On Monday, local nonprofit Save Austin Now announced that they submitted a petition to the City Clerk with 24,087 signatures in support of reinstating the ban on public camping. Validation on the part of the City Clerk could take several weeks, but if validated, the group plans to craft a new ordinance to be voted upon in November.
According to Save Austin Now, the ordinance reinstates the ban on homeless camping citywide, restores the sit/lie ordinance to downtown and extends it to the UT campus and surrounding areas, and bans panhandling at night citywide from 7:00 p.m.-7:00 a.m.
“We are ecstatic to have turned in so many signed petitions from every neighborhood, every zip code, and every demographic across our city from residents who just want to live in a safe city,” said Save Austin Now co-founder Matt Mackowiak. “Over the past 148 days, we have had more than 80 unpaid volunteers collect petitions and our efforts have been made possible by more than 1,000 individual donations. Voters will now be able to fix the mess created by Mayor Steve Adler and Council Member Greg Casar. The homeless camping ordinance has been a disaster for our city, with violent crime rising at the fastest rate in five years and the unhoused homeless population rising 45 percent last year. The camping ordinance has harmed public safety, public health, tourism and the image of Austin, while making our homeless less safe. We are not anti-homeless; we are anti-camping. We want the homeless safe in shelters, in transitional housing, or at the state campground where it is safer for them and where services are provided. Together, we can save our city.”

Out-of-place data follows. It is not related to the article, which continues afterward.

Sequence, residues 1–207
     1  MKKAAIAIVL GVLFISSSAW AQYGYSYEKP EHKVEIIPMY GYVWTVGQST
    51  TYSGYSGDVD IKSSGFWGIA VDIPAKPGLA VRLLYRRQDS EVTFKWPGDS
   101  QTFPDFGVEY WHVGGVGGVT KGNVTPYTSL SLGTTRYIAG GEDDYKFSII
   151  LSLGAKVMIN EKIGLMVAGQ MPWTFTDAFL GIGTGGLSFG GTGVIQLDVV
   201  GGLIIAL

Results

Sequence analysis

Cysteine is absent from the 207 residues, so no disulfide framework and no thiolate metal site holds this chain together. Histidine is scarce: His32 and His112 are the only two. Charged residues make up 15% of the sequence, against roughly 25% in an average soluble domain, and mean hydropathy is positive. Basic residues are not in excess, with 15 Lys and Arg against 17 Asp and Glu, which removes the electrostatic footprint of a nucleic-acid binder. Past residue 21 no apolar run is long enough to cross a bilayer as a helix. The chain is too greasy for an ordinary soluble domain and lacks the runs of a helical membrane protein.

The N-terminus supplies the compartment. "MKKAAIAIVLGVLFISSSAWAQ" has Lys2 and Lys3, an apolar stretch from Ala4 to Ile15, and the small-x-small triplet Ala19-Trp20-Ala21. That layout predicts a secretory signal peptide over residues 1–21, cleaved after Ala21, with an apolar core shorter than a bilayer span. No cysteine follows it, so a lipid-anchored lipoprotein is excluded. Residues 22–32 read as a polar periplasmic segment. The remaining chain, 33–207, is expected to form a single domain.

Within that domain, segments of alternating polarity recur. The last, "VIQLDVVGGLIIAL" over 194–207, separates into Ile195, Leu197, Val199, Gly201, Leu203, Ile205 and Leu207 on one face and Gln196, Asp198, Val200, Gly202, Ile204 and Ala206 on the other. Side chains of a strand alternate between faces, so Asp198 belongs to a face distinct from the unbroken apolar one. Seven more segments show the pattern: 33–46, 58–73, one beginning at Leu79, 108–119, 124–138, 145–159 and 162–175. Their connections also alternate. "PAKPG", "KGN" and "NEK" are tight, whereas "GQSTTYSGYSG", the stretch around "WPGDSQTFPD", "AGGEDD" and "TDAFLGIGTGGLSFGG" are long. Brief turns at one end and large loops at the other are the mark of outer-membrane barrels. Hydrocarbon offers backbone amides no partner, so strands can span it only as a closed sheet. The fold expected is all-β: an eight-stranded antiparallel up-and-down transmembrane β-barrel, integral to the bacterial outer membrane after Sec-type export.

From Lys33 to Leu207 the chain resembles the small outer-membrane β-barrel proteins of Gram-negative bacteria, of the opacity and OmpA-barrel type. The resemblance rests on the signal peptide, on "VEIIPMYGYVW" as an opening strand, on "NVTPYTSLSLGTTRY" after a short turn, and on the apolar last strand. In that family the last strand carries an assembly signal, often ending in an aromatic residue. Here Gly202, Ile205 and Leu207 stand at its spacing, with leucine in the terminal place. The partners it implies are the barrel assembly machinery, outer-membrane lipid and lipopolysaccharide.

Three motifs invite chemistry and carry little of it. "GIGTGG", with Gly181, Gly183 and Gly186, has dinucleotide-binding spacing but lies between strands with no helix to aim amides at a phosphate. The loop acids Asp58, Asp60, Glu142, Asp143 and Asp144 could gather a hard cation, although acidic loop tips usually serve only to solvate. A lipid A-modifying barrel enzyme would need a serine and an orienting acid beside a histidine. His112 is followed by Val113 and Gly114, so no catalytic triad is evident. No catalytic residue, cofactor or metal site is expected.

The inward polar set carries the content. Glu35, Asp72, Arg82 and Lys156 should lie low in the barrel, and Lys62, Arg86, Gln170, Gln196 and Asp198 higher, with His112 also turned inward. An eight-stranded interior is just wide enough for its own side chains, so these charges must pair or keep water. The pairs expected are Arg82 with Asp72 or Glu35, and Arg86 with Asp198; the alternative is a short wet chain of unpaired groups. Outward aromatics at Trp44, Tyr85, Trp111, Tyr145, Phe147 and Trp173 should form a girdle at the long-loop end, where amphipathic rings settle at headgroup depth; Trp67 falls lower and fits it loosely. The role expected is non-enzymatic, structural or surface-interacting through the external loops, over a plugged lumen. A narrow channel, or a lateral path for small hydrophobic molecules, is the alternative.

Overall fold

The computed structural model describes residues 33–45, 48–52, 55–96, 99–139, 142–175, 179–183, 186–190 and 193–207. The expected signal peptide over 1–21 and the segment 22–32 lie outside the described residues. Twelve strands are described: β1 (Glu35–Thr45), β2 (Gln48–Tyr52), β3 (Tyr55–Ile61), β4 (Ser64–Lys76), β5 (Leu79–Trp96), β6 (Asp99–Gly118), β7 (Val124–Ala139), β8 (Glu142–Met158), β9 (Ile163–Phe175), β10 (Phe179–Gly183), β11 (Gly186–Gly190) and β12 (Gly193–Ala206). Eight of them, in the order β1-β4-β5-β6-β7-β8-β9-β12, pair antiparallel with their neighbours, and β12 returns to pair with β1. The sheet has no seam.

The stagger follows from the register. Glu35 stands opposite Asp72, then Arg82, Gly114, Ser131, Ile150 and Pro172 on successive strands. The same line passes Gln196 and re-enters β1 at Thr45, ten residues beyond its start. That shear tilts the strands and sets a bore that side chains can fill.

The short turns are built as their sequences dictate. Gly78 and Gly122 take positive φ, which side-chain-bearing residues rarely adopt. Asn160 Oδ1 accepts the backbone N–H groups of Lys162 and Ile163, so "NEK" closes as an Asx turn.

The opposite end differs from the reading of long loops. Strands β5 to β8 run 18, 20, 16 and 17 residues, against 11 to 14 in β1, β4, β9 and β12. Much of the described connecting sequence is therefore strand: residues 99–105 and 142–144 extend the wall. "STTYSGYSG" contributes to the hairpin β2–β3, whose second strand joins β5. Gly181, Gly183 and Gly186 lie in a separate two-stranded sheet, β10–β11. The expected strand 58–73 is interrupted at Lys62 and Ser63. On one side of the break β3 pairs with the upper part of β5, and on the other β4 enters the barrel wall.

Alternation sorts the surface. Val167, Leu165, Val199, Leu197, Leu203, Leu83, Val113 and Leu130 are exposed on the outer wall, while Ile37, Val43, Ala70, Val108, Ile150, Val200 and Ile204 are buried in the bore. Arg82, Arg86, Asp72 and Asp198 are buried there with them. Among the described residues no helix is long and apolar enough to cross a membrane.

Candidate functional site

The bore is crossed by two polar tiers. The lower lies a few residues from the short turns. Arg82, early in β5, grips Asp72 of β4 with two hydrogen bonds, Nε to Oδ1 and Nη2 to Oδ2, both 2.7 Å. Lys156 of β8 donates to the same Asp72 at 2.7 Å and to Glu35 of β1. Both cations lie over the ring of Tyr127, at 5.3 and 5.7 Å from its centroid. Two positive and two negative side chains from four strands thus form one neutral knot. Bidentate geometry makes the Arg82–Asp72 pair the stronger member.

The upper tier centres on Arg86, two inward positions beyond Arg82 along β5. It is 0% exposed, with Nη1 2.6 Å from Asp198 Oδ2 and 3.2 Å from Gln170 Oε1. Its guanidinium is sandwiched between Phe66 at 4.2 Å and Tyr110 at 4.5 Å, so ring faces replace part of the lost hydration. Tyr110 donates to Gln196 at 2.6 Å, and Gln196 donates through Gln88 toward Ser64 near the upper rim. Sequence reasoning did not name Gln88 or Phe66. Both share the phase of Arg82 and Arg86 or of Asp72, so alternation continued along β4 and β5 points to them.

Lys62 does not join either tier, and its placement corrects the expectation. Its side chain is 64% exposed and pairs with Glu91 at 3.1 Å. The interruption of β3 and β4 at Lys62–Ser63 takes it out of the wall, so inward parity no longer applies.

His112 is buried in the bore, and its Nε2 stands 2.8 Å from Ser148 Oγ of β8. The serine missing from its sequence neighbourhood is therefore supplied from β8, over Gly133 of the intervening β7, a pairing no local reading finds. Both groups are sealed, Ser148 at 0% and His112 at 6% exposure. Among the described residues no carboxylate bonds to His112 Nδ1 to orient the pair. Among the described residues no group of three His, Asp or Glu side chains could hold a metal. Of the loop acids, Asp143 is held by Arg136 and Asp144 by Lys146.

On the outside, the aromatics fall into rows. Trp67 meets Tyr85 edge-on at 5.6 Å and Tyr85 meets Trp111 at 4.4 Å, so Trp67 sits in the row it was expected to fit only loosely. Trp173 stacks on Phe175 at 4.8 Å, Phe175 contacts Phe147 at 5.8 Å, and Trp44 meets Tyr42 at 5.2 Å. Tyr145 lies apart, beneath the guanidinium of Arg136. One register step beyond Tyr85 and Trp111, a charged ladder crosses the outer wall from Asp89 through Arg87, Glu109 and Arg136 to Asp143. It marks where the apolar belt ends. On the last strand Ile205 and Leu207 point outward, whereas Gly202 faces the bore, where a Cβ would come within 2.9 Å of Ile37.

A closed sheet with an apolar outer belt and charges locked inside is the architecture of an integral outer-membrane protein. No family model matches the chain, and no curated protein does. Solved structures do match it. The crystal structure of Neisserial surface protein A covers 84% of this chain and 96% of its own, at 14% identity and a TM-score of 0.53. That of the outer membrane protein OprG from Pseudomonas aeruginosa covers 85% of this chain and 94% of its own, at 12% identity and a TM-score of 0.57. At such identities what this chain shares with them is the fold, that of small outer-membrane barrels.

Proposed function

The petition has also had the continued support of SafeHorns, another local nonprofit, which is comprised of parents, students, stakeholders, and citizens who seek to improve safety on and around the University of Texas campus.
“Today is a great day for making the UT campus and surrounding area safer for UT students,” said SafeHorns president Joell McNew on Monday. “We wish the City of Austin had agreed to the request of the UT Police Chief to exempt the UT campus from the repeal of the no-camping ordinance, but they refused. We believe that the combination of banning homeless camping citywide, extending the sit/lie ordinance to the UT campus and surrounding areas and banning panhandling at night will dramatically improve the ability for police to be a front line in getting homeless the services and help they need, while protecting both students and the homeless from those who wish to prey on their vulnerabilities.”